{{ searchResult.published_at | date:'d MMMM yyyy' }}

Loading ...
Loading ...

Enter a search term such as “mobile analytics” or browse our content using the filters above.

No_results

That’s not only a poor Scrabble score but we also couldn’t find any results matching “”.
Check your spelling or try broadening your search.

Logo_distressed

Sorry about this, there is a problem with our search at the moment.
Please try again later.

Here’s a secret: journalists often look for one of three links when they visit a website. Can you guess what they are?

The key thing for a writer is to find what they’re looking for as quickly as possible. If they cannot find the answers online then they’ll need to quickly find some media contacts to call, or email.

As such, journalists typically scan the page for one of the following links…

The first link is 'About'. The About (or About Us) page should be a one-stop shop for links to company information. It can help writers flesh out articles, providing background details and some insight on what the company is all about. The About page should also contain contact emails and telephone numbers, or a links to these details.

The second link is 'Press'. This should contain more recent information on the company, news releases, media contacts and links to (positive) mentions of the company / brands / executives in the press. RSS feeds for company news are a great idea, as are video, images, and press kits. If a company is listed then a link to investor information should be prominent.

Writers tend to aim for Press rather than Contact Us for specific contacts and phone numbers / emails, rather than a generic customer service number.

Sometimes this page is labelled 'Media' or 'News', or some variation thereof.

The third link is 'Blog'. Keep in mind that blogging hasn’t been adopted by a large number of major brands, although it is now commonplace among web / tech companies, but journos will look for a company blog to get the inside track straight from the horse’s mouth (where horse = company blogger).

Blogs often contain links to author profiles, and sometimes these contain email addresses. This is especially handy if the authors are company executives as direct contact always beats going through the PR department.

Blogs also provide writers with behind-the-scenes insight, and – for the braver company bloggers – reader comments.

Which companies are excelling in this area?

We here at E-consultancy Towers are busy crafting a brand new website for your viewing pleasure, and one of the things I want to put right is our media centre. So, I’m looking for some pointers and suggestions on the companies that are doing good things in this area.

Probably the best example I have seen so far is Benetton's online press room, which is superb. It is very easy to use and it contains everything a writer might need, such as press releases, press kits, an events calendar, video and image galleries, RSS feeds, clippings, and a list of global press contacts. I reckon that just about covers it...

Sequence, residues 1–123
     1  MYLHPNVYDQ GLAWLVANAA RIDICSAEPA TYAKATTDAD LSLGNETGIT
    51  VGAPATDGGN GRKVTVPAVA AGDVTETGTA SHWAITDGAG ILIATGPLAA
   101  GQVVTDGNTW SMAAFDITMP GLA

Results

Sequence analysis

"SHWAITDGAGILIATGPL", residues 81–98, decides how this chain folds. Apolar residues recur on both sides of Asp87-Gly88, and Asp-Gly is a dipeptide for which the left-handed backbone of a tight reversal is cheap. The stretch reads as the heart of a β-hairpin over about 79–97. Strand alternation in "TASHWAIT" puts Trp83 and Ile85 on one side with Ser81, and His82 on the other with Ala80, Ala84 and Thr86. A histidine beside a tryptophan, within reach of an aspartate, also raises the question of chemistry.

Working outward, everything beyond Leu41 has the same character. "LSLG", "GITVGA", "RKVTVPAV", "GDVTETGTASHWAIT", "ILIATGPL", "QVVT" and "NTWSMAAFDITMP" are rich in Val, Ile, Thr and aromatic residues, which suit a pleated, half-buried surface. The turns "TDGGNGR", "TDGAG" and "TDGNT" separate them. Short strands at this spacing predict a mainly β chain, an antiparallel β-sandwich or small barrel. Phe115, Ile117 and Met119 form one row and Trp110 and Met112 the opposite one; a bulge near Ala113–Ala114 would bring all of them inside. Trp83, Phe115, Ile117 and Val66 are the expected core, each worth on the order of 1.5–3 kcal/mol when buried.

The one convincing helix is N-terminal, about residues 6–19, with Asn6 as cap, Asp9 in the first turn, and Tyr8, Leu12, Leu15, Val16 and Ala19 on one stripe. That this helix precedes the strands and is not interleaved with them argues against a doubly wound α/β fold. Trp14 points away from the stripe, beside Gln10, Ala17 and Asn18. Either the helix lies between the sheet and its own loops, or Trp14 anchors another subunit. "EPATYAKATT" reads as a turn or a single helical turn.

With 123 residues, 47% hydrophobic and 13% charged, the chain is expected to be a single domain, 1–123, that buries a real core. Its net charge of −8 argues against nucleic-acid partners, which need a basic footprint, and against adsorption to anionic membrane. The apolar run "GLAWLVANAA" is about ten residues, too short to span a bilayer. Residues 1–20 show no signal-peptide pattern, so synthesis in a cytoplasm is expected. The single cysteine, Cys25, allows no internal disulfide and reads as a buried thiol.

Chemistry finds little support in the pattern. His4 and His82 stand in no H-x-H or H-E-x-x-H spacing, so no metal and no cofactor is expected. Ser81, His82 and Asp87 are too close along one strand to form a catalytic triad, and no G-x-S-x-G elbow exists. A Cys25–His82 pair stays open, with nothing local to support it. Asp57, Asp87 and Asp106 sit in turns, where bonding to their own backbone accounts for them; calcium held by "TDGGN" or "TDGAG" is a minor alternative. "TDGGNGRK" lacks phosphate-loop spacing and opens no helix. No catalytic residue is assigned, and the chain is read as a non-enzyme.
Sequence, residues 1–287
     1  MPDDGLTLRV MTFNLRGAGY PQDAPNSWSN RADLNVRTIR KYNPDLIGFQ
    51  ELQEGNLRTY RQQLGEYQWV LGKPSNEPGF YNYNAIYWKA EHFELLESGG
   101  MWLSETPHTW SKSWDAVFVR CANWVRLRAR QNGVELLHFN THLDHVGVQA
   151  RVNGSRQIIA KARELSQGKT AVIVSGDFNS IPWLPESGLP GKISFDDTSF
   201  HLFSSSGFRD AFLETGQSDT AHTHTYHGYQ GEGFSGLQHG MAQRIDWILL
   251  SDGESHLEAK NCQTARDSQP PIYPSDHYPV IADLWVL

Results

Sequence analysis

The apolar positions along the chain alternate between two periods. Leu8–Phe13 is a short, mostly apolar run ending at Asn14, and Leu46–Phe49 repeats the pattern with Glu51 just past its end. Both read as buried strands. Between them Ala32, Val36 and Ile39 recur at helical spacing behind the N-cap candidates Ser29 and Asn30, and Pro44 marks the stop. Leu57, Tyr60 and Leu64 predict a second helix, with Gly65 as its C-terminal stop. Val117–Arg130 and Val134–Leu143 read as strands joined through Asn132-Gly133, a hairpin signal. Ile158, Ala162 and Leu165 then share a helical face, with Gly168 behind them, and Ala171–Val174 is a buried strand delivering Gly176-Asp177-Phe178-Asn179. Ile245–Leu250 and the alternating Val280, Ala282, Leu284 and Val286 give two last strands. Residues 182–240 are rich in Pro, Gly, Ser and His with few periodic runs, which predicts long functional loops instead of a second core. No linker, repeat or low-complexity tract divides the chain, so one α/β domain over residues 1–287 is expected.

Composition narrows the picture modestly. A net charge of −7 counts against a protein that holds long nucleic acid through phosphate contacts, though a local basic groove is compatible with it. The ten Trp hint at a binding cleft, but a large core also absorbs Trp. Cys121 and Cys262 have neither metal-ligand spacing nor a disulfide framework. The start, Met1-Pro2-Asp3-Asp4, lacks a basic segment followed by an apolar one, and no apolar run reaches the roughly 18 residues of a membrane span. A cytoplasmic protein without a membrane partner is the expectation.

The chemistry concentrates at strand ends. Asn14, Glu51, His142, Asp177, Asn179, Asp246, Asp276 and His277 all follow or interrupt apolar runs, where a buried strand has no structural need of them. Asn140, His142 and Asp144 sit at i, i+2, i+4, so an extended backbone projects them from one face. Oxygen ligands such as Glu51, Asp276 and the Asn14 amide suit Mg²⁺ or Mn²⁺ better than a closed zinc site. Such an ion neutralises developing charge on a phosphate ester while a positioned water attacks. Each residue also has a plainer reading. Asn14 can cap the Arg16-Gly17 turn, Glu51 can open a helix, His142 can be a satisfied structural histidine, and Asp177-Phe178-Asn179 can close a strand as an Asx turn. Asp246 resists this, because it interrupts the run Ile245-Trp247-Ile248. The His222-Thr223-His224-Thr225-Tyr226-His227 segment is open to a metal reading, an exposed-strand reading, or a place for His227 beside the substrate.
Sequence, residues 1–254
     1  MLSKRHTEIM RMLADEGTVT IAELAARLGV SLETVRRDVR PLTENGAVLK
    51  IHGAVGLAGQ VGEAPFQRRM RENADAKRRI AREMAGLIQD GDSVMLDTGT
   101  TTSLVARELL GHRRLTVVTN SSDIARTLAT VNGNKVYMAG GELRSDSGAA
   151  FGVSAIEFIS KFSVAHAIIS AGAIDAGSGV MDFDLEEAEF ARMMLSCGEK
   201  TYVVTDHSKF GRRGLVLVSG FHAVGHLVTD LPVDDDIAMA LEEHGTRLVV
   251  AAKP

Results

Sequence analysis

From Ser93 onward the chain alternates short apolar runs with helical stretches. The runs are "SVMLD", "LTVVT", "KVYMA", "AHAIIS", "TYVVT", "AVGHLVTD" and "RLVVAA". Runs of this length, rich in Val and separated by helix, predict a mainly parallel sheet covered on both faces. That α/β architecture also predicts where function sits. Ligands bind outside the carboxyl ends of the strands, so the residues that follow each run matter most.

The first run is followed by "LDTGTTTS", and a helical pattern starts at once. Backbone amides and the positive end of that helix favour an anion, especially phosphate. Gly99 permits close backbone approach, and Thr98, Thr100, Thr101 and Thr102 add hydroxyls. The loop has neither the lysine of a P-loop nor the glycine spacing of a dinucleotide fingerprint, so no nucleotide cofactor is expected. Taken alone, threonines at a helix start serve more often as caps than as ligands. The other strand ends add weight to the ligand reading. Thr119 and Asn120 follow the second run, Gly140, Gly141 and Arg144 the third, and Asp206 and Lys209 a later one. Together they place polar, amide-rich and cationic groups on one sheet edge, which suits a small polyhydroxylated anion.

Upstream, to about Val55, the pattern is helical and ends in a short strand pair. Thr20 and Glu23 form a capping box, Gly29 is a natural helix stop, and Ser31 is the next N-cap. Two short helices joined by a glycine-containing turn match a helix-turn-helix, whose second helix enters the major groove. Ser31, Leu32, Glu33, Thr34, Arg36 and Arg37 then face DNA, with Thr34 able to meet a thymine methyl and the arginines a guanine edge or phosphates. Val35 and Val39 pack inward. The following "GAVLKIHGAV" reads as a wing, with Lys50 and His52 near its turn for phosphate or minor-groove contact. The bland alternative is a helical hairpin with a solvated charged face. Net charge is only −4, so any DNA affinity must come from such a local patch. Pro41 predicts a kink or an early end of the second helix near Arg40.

Can you suggest any other examples?

Chris Lake

Published 22 September, 2008 by Chris Lake

Chris Lake is CEO at EmpiricalProof, and former Director of Content at Econsultancy. Follow him on Twitter, Google+ or connect via Linkedin.

582 more posts from this author

Comments (1)

Avatar-blank-50x50

Pauline Christie

At ://CORPORACT we have been developing press office software and creating bespoke online media centres for corporates for many years now. Pretty much any functionality can be created but, in most cases, an online media centre will live or die by its content. Often the content simply isn't there and never will be. The content manager (or PRO) may lack know-how or resource and great functionality can be so let down when your media centre becomes just another cluster of web pages that provide a list of press releases (that aren't SEO optimised and that everyone has already received), a couple of out-dated downloadable documents, and a place where sales people or job seekers can find a telephone number or email address. #

(# I am sure that this won't apply in your case, Chris)

Do consider who your audience really is for the information that will be published in your media centre too. Is it really a "press" office for journalists only? Will journalists find story ideas there?

We recommend clients view these online information repositories for a wide range of online consituents and other stakeholder groups. This usually focuses the mind on what you need to deliver in terms of information, functionality and features.

You may find a few useful points to add to this at:

http://www.corporact.net/pressoffice.php

Hope it helps and good luck with your upgrade.

almost 8 years ago

Comment
No-profile-pic
Save or Cancel
Daily_pulse_signup_wide

Enjoying this article?

Get more just like this, delivered to your inbox.

Keep up to date with the latest analysis, inspiration and learning from the Econsultancy blog with our free Daily Pulse newsletter. Each weekday, you ll receive a hand-picked digest of the latest and greatest articles, as well as snippets of new market data, best practice guides and trends research.